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Check if the complex function is differentiable

  • Thread starter Fabio010
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  • #1
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The question is to check where the following complex function is differentiable.

[tex]w=z \left| z\right|[/tex]



[tex]w=\sqrt{x^2+y^2} (x+i y)[/tex]


[tex]u = x\sqrt{x^2+y^2}[/tex]
[tex]v = y\sqrt{x^2+y^2}[/tex]
Using the Cauchy Riemann equations

[tex]\frac{\partial }{\partial x}u=\frac{\partial }{\partial y}v[/tex]
[tex]\frac{\partial }{\partial y}u=-\frac{\partial }{\partial x}v[/tex]


my results:

[tex]\frac{x^2}{\sqrt{x^2+y^2}}=\frac{y^2}{\sqrt{x^2+y^2}}[/tex]
[tex]\frac{x y}{\sqrt{x^2+y^2}}=0[/tex]


solutions says that it's differentiable at (0,0). But doesn't it blow at (0,0)?
 

Answers and Replies

  • #2
529
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If you just plug in ##y=0## and ##x=0## you will get an indeterminate form which is meaningless. If you evaluate the limits, I think that you get all expressions equal to ##0##, but double check that.
 
  • #3
FactChecker
Science Advisor
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Division by zero is not allowed in complex analysis, so your final equations are not defined at x=y=0. They are not equal.
 
  • #4
529
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Division by zero is not allowed in complex analysis, so your final equations are not defined at x=y=0. They are not equal.
That is true, but this function is differentiable at ##z=0##. If you evaluate the two limits along the real and imaginary axes (with ##h\in\mathbb{R}##)

[itex]
\displaystyle\lim_{h\rightarrow0}\displaystyle\frac{(0+0i+h)\left|(0+0i+h)\right|}{h}=0
[/itex]


[itex]
\displaystyle\lim_{h\rightarrow0}\displaystyle\frac{(0+0i+ih)\left|(0+0i+ih)\right|}{ih}=0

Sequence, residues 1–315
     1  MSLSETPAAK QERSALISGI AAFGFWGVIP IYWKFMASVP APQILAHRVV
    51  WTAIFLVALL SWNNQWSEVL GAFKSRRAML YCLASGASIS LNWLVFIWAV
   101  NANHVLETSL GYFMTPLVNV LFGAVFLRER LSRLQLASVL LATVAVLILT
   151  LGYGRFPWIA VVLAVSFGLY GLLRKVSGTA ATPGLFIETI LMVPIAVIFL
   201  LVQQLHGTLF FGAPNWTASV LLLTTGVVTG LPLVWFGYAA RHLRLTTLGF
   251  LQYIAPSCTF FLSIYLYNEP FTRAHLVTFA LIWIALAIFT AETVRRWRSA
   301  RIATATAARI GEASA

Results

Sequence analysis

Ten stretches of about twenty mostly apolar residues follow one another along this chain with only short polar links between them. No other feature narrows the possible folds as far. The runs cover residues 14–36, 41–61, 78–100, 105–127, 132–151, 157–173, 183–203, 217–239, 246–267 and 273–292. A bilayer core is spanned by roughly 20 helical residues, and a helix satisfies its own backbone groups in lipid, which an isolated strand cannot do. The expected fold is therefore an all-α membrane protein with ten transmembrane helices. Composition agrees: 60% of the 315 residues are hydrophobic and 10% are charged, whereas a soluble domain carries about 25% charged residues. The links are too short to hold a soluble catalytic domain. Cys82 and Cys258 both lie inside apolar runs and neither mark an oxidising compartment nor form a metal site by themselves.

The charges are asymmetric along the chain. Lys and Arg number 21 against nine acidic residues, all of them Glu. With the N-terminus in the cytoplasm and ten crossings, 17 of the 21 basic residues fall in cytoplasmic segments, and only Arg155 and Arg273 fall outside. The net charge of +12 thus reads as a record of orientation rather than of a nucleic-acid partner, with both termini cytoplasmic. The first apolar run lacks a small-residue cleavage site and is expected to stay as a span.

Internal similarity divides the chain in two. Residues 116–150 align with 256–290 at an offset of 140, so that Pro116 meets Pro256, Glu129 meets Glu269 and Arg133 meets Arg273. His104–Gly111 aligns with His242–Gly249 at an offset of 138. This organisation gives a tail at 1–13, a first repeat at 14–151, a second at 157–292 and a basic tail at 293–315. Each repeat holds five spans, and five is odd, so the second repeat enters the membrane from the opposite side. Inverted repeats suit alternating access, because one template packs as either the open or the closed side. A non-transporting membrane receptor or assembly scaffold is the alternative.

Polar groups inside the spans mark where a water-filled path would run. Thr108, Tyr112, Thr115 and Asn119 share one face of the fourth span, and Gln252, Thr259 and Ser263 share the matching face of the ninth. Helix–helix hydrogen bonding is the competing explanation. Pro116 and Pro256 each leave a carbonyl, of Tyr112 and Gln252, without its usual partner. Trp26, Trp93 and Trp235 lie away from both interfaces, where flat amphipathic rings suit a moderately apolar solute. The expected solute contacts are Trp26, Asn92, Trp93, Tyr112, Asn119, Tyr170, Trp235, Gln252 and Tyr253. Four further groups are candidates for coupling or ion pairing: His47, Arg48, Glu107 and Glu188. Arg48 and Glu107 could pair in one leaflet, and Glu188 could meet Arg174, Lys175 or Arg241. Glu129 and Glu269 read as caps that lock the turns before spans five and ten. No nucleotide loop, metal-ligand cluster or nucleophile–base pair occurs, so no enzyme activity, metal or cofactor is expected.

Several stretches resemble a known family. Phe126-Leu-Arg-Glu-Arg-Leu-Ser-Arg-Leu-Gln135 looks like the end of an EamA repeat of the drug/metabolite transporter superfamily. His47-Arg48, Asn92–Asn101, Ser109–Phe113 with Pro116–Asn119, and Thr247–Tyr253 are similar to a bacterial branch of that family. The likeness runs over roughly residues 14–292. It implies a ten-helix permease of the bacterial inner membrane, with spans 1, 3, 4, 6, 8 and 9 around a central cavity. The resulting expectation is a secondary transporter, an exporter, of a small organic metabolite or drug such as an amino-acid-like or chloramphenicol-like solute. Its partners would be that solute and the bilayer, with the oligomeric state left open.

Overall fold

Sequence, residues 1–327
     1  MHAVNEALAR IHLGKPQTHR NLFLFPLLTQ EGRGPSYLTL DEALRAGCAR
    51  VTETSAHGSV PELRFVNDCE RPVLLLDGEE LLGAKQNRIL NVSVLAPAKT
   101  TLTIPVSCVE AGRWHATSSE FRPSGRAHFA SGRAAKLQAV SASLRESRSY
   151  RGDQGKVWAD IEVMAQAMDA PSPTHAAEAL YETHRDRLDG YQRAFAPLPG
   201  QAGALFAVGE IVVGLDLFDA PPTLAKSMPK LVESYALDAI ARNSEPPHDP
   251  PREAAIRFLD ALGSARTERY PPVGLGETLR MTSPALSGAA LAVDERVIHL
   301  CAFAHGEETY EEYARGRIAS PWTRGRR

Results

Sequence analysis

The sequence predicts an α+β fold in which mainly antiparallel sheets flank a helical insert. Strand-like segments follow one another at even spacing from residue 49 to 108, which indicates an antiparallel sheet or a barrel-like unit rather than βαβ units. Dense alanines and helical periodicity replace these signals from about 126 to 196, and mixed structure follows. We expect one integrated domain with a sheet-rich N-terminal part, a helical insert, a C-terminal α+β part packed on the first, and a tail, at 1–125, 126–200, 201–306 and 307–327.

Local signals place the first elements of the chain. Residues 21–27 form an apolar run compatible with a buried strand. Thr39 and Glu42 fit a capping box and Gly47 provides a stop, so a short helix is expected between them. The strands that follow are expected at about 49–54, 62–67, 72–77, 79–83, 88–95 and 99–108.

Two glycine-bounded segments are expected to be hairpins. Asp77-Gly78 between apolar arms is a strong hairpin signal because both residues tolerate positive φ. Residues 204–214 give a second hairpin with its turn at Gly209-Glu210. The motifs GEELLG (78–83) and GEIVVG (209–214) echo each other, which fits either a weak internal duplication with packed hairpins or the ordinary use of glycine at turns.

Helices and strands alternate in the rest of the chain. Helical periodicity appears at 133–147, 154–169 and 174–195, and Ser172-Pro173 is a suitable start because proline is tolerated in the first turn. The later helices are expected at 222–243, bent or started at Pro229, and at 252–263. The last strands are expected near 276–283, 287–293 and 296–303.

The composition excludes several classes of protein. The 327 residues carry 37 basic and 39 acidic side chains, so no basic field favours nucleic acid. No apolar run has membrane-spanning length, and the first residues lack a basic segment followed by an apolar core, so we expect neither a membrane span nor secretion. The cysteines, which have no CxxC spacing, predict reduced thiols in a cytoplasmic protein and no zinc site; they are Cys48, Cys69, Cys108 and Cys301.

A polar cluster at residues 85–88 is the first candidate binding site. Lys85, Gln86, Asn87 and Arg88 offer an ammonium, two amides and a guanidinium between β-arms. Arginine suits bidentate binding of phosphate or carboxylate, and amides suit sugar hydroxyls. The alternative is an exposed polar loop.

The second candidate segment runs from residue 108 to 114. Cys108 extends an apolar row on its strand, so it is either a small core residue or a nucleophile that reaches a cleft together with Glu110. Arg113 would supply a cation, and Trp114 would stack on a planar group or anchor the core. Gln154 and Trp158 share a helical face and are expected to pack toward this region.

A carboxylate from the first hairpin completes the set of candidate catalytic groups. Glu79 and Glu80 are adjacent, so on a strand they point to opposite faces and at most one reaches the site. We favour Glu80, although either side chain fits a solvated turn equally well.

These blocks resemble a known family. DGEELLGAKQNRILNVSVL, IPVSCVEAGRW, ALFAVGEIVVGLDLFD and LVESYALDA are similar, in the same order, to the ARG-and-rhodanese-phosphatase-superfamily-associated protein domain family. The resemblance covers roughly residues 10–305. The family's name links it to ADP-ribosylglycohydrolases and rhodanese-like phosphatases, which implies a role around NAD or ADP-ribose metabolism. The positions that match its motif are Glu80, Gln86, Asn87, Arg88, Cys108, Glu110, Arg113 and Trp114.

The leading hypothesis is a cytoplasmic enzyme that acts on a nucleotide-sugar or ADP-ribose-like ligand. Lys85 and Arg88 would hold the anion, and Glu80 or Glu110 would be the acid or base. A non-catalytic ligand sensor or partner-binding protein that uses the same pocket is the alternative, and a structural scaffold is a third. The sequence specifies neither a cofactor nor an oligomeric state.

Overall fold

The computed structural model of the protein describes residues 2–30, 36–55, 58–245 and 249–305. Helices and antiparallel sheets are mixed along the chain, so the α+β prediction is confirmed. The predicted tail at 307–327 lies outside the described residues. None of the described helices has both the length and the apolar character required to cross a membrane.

[/itex]

So the function is differentiable at ##0##. I don't remember enough from my complex analysis course (which had a number of students who had not taken real analysis, so it was a bit less rigorous than some courses) to reconcile this. My recollection is that the limits of the Cauchy-Riemann equations could be evaluated, but a quick look online showed that my recollection was incorrect. Perhaps, since the partial derivatives are undefined at 0 the Cauchy-Riemann equations are not applicable?
 
  • #5
Dick
Science Advisor
Homework Helper
26,258
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That is true, but this function is differentiable at ##z=0##. If you evaluate the two limits along the real and imaginary axes (with ##h\in\mathbb{R}##)

[itex]
\displaystyle\lim_{h\rightarrow0}\displaystyle\frac{(0+0i+h)\left|(0+0i+h)\right|}{h}=0
[/itex]


[itex]
\displaystyle\lim_{h\rightarrow0}\displaystyle\frac{(0+0i+ih)\left|(0+0i+ih)\right|}{ih}=0
[/itex]

So the function is differentiable at ##0##. I don't remember enough from my complex analysis course (which had a number of students who had not taken real analysis, so it was a bit less rigorous than some courses) to reconcile this. My recollection is that the limits of the Cauchy-Riemann equations could be evaluated, but a quick look online showed that my recollection was incorrect. Perhaps, since the partial derivatives are undefined at 0 the Cauchy-Riemann equations are not applicable?
I would use the definition of the derivative as a difference quotient to show it's differentiable at z=0.
 
  • #6
529
28
Yes, but ##w(0)=0##, so I left it out.
 
  • #7
Dick
Science Advisor
Homework Helper
26,258
618
Yes, but ##w(0)=0##, so I left it out.
Sure, I'm just saying there is no need work along any particular axes. The complex derivative f'(0) is defined by the limit |h|->0 of (f(0+h)-f(0))/h where h is complex. You can also conclude that that is zero.
 

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